You think you know someone, and then here is a whole other person.
One possibility, when it comes to telling what is commonly called one’s “own” story, is to take one’s own memory out entirely, and is to limit yourself to the favorite anecdotes of family members. A person can create childhood memories based entirely on the number of times a given story has been told.
Parents can be especially amusing sources of these tales. The time you had your mother, eight months pregnant with your sister, just up three flights to the third-floor apartment with the laundry, go back to the basement to retrieve your imaginary friend. Another time you were in hysterics because your father sat on that same friend.
How you cried when the street sweeping truck came by, the horrible beep-beep truck, you called it. And there was that redheaded boy, do you remember? He would push you down, take your shovel, walk away, and you would sit there, not wailing, just quietly sad.
And the gravy! How you loved it with croutons from a box. Your concerns over the new baby, over your mother getting up and down the stairs. Your favorite hiding place behind the couch. How you could speak nonstop or not at all.
Huh, I think, remembering by power of suggestion what it would never have occurred to me to know on my own. You think you know someone, and then here is a whole other person. The fact that there were even specific moments to remember is what really gets me. I recall only a constant susurration of light and color, sound and touch. It lends credence to the idea that a person may have parallel simultaneous lives: the one they remembered, and the one I felt I was living. They have images, even pictures, and there I am, and it must have been me in that bowl haircut with those eyes looking back, holding the garden hose, but all I remember is the colors of light filtering through shallow water, and the way I would fly in my dreams. Palms and fingers in bright paint, and the hollow space among bushes in the back yard. How I would go in and wait there. The sense that I had of finding a secret, tiny room in an endless forever, and it was quiet all around, and safe except for the possibility of snakes and other monsters I had not seen except on TV and in books.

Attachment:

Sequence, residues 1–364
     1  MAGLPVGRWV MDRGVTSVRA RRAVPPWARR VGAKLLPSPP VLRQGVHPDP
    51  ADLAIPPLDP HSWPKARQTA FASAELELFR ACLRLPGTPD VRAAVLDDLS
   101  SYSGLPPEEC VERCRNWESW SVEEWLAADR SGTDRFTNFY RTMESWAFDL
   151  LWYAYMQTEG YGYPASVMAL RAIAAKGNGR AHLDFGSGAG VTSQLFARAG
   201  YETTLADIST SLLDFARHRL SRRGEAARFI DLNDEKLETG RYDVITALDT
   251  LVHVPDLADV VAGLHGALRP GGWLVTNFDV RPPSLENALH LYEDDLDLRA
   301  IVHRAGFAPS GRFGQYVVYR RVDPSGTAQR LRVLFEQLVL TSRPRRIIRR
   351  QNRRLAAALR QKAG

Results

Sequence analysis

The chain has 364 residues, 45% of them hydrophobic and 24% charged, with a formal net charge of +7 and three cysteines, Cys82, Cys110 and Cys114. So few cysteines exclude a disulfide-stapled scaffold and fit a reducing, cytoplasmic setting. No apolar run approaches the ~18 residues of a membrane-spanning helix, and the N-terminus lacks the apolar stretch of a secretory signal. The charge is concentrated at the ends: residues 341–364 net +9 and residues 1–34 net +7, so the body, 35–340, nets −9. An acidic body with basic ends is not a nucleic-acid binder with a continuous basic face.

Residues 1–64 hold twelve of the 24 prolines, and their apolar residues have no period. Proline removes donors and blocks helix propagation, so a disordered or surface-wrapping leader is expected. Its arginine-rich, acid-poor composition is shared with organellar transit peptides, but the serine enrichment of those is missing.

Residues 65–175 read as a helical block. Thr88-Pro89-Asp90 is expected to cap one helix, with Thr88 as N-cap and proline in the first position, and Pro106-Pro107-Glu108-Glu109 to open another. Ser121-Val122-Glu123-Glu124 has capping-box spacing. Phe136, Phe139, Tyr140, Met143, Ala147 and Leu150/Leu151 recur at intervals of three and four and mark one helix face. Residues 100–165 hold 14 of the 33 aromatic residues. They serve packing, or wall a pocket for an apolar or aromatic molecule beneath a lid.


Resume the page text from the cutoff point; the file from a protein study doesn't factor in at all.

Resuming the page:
Funny, the pictures they show. This is what is, this is what was. They shaped me then, as they do still, these stills. But the image I had was constant, and I wasn’t in it because there was me watching, squinting sometimes, as I took in was the shifting light and colors on the surface of an ever-moving stream, wondering about the world just beneath it.
You could feel it, the way no one could help themselves, the way we were laid bare in our reaching wonder.
Here’s an idea: consider something you used to do often. Or be. Trace a line of relevance to the moment.